The repository builds a quick and simple code for video classification (or action recognition) using UCF101 with PyTorch. A video is viewed as a 3D image or several continuous 2D images (Fig.1). Below are two simple neural nets models:
UCF101 has total 13,320 videos from 101 actions. Videos have various time lengths (frames) and different 2d image size; the shortest is 28 frames.
To avoid painful video preprocessing like frame extraction and conversion such as OpenCV or FFmpeg, here I used a preprocessed dataset from feichtenhofer directly. If you want to convert or extract video frames from scratch, here are some nice tutorials:
Use several 3D kernels of size (a,b,c) and channels n, e.g., (a, b, c, n) = (3, 3, 3, 16) to convolve with video input, where videos are viewed as 3D images. Batch normalization and dropout are also used.
The CRNN model is a pair of CNN encoder and RNN decoder (see figure below):
[encoder] A CNN function encodes (meaning compressing dimension) every 2D image x(t) into a 1D vector z(t) by
[decoder] A RNN receives a sequence input vectors z(t) from the CNN encoder and outputs another 1D sequence h(t). A final fully-connected neural net is concatenated at the end for categorical predictions.
Here the decoder RNN uses a long short-term memory (LSTM) network and the CNN encoder can be:
For 3D CNN:
For CRNN, the videos are resized as (t-dim, channels, x-dim, y-dim) = (28, 3, 224, 224) since the ResNet-152 only receives RGB inputs of size (224, 224).
Training videos = 9,990 vs. testing videos = 3,330
In the test phase, the models are almost the same as the training phase, except that dropout has to be removed and batchnorm layer uses moving average and variance instead of mini-batch values. These are taken care by using "model.eval()".
For tutorial purpose, I try to build code as simple as possible. Essentially, only 3 files are needed to for each model. eg., for 3D-CNN model
UCF101_3DCNN.py: model parameters, training/testing process.
function.py: modules of 3DCNN & CRNN, data loaders, and some useful functions.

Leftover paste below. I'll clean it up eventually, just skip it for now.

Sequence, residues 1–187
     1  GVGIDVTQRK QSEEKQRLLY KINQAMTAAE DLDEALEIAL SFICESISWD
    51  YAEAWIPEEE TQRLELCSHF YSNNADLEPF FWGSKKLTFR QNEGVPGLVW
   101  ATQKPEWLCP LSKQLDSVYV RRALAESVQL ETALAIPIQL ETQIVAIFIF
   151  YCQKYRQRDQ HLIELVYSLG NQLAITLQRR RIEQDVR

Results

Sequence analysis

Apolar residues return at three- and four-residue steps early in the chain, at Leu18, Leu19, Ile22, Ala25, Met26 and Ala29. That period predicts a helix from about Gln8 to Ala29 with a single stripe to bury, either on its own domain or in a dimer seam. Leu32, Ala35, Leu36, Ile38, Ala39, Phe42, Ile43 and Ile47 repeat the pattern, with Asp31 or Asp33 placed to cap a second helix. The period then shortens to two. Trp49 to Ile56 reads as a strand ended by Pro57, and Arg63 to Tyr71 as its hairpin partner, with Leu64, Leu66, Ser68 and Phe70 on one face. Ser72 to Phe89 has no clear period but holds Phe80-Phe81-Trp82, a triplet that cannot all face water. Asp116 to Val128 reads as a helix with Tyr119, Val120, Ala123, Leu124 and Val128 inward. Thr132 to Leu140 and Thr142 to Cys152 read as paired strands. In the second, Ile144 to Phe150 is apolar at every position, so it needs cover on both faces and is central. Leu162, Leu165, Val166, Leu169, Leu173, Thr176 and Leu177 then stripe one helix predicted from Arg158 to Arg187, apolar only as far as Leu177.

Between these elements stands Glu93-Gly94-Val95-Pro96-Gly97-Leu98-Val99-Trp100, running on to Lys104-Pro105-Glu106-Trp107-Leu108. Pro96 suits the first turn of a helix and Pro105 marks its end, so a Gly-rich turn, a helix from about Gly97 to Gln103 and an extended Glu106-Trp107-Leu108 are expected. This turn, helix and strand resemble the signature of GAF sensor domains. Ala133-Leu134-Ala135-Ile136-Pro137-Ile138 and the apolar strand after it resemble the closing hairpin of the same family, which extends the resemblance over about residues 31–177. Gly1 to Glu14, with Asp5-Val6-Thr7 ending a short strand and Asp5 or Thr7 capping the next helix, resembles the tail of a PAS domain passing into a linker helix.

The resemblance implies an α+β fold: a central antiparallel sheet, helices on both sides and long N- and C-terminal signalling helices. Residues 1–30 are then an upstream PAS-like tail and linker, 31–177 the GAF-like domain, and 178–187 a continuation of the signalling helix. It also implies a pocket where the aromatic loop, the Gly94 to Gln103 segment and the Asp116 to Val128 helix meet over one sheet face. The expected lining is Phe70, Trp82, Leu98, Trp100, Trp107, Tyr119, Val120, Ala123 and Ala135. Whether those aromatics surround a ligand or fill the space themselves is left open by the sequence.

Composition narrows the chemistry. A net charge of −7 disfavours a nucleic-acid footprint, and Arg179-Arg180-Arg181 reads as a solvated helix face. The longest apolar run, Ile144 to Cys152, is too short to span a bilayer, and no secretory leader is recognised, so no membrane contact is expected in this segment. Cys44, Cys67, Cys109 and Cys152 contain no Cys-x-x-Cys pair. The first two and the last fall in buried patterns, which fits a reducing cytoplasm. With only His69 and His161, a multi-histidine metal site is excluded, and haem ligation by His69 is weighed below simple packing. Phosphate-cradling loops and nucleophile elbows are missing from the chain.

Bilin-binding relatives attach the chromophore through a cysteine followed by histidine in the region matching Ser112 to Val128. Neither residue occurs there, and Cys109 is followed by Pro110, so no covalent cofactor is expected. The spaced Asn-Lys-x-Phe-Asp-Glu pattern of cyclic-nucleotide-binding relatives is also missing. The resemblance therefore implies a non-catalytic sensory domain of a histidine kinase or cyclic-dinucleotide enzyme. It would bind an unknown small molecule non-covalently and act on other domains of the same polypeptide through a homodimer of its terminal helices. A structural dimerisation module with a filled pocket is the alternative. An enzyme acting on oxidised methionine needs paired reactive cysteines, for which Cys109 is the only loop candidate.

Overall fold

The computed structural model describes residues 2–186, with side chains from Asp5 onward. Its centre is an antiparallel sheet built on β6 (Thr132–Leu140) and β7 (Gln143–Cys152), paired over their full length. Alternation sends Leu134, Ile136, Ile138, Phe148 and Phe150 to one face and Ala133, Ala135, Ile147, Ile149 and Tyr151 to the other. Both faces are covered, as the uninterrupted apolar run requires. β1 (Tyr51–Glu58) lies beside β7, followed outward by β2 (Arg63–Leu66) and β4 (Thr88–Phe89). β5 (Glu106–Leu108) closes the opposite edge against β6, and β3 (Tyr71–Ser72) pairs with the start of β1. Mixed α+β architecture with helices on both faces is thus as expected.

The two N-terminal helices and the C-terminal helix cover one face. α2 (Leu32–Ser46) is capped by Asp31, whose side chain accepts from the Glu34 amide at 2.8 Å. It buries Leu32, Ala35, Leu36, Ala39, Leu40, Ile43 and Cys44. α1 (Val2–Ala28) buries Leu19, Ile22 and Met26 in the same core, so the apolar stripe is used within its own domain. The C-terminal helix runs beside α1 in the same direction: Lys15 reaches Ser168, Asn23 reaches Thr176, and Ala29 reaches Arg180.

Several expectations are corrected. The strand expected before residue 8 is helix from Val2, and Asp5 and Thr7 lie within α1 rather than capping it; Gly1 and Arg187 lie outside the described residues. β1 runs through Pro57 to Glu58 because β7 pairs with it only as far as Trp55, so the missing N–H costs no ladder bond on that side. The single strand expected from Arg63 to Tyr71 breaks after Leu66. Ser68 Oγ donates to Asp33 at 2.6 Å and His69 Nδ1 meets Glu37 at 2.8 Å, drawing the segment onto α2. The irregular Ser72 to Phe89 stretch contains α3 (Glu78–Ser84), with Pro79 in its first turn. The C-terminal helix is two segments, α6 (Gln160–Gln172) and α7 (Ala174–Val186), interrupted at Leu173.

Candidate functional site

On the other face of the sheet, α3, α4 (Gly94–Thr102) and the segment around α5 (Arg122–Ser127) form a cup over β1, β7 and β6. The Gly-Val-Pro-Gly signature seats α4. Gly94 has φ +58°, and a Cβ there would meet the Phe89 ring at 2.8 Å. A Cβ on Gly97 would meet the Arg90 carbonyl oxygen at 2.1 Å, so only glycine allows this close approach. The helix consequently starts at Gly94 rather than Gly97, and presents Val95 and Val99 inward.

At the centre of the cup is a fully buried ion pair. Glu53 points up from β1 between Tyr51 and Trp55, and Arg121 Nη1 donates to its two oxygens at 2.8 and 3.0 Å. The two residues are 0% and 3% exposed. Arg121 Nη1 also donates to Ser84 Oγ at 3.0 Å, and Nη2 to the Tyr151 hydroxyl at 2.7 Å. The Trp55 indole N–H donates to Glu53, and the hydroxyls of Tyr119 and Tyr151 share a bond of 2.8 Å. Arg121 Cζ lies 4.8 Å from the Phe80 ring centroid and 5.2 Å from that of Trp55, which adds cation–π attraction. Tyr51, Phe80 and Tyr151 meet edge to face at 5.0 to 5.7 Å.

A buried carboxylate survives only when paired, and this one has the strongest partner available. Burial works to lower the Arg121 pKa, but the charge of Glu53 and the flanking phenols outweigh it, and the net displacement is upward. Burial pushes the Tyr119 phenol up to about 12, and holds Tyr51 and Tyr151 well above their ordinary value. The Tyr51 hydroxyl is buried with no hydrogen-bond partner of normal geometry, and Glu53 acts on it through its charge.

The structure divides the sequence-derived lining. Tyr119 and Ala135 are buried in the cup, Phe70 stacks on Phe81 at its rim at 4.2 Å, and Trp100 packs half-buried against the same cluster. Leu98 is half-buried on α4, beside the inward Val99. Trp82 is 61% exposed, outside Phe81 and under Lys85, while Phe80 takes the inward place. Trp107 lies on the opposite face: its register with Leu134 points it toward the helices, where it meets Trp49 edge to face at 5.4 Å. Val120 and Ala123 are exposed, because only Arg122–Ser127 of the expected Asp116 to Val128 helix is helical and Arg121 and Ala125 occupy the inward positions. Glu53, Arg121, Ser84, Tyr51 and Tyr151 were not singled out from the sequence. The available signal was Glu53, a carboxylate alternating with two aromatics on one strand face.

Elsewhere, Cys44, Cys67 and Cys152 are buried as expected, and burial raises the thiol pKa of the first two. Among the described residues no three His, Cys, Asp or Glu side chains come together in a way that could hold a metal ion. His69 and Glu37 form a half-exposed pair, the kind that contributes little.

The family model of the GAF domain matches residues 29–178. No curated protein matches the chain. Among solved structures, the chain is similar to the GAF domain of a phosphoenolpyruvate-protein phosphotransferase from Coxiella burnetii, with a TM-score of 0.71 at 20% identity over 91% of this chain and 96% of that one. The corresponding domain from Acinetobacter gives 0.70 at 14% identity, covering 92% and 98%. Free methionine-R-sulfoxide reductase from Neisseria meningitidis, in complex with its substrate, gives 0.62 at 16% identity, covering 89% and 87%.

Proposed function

UCF101actions.pkl: 101 action names (labels), e.g, 'BenchPress', 'SkyDiving' , 'Bowling', etc.
For convenience, we use preprocessed UCF101 dataset already sliced into RGB images feichtenhofer/twostreamfusion:
Put the 3 parts in same folder to unzip. The folder has default name: jpegs_256.
UCF101_CRNN.py, for example set
data_path = "./UCF101/jpegs_256/" # UCF101 video path action_name_path = "./UCF101actions.pkl" save_model_path = "./model_ckpt/"
$ python UCF101_3DCNN/CRNN/ResNetCRNN.py
By default, the model outputs:
Training & testing loss/ accuracy:
Model parameters & optimizer: eg.
CRNN_optimizer_epoch8.pth. They can be used for retraining or pretrained purpose.
To check model prediction:
check_model_prediction.pyto load best training model and generate all 13,320 video prediction list in Pandas dataframe. File output:
check_video_predictions.ipynbwith Jupyter Notebook and you can see where the model gets wrong:
As of today (May 31, 2019), it is found that in Pytorch 1.1.0 flatten_parameters() doesn't work under torch.no_grad and DataParallel (for multiple GPUs). Early versions before Pytorch 1.0.1 still run OK. See Issues
Thanks to raghavgarg97's report.
The models detect and use multiple GPUs by themselves, where we implemented torch.nn.DataParallel.
A field test using 2 GPUs (nVidia TITAN V, 12Gb mem) with my default model parameters and batch size
|network||best epoch||testing accuracy|
|3D CNN||4||50.84 %|
|2D CNN + LSTM||25||54.62 %|
|2D ResNet152-CNN + LSTM||53||85.68 %|